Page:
The Fed is expected to raise policy rates by another 50 basis points each in June and July. After that, the extent of rate hikes depends on keeping inflation under control, Mr Amonthep said.

The Federal Reserve raised its policy rate by 50 basis points in May, the most in 22 years, after U.S. inflation rose to 8.3 percent in March, a 40-year high.

He said U.S. inflation briefly fell to 8.1% in April, so the Fed should not raise rates by 75 basis points in the second half of the year.

Mr Amonthep said the widening spread between the Fed’s policy rate and other central banks, including the Bank of Thailand, would affect foreign capital outflows from U.S. markets, especially emerging markets such as Thailand.

This situation will support the appreciation of the US dollar compared to other currencies.

CIMBT expects the baht to hover around 34.50 to the dollar around the middle of the year, before gradually recovering in the second half of the year, helped by tourism receipts in line with the rise in offshore tourist arrivals.

However, the ongoing Russian-Ukrainian war is a key risk factor exacerbating uncertainty in the global economy, currency markets, inflation rates and energy prices.

He said the baht could weaken further than current forecasts if the Fed’s sharp rate hikes fail to bring down inflation.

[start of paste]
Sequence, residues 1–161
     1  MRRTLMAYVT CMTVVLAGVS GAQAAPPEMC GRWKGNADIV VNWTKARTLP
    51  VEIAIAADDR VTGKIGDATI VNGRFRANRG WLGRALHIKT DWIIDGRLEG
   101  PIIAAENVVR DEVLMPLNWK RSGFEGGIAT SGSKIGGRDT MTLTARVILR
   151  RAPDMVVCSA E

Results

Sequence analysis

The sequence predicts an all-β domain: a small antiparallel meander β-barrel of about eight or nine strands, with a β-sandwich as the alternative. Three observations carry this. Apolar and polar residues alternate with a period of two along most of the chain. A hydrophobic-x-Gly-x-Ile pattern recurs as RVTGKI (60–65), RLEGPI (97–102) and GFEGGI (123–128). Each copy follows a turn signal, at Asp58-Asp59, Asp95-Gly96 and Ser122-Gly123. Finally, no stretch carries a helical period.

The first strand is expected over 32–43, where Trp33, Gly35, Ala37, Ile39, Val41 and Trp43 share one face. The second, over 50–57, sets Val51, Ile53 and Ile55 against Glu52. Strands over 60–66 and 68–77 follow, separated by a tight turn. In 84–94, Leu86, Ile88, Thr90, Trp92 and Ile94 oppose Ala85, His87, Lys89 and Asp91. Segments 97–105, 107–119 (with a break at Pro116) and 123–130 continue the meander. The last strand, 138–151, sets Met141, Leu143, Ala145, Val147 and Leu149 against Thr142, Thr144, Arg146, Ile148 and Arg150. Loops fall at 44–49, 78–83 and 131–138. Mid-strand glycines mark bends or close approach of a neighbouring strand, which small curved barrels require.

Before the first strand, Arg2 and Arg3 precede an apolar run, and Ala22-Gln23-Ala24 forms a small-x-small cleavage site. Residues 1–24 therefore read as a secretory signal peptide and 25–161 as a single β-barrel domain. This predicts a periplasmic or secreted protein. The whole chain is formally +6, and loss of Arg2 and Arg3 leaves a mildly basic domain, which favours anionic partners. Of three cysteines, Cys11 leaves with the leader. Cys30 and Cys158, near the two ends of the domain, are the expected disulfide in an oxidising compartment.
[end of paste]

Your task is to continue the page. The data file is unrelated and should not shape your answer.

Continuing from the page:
The Kasikorn Research Center said the baht’s depreciation is normal and not particularly worrying as it is caused by external factors and is in line with most Asian currencies amid concerns that the Federal Reserve will implement more aggressive monetary policy tightening to rein in the U.S. Rising inflation, devaluation of the Thai baht.

The research house believes the Bank of Thailand will be able to mitigate any serious impact from the baht’s depreciation as it is closely monitoring the situation.

Kasikornbank expects the baht to trade between 34.20-35.00 baht against the dollar this month.

Krungsri Securities said export stocks such as Thailand United Group (TU), Asia Sea Corporation (ASIAN), GFPT, KCE Electronics (KCE) and Hana Microelectronics (HANA) will benefit from the depreciation of the baht.

An employee displays a foreign exchange board at a currency exchange office. Somchai Poomlard

The right price is preferred

Chaichan Chareonsuk, chairman of the National Shippers Council of Thailand, said responsible agencies should help manage the baht at an appropriate exchange rate to keep exports competitive.

“For exporters, around 34.50 baht per dollar is the most suitable exchange rate. We believe Thailand’s exports are competitive with products priced in other currencies,” he said.

“A suitable range for the baht to the dollar is 33.50 to 34.50. If the currency depreciates to 35 baht, it will negatively affect imports and make imported goods more expensive.”

Mr Chaichan said the government needed to take into account the concerns of exporters and importers in trying to reach an appropriate tax rate to mitigate the impact on the economy.

A man and a woman walk past a currency exchange office at Kbank in Bangkok, Thursday, May 19, 2022. Somchai Poomlard

cost pressure

Somsak Pejthaveeporndej, chief executive of IT distributor VST ECS Thailand, said the weak baht has pushed up the cost of imported technology products, which are already under pressure from a shortage of chipsets.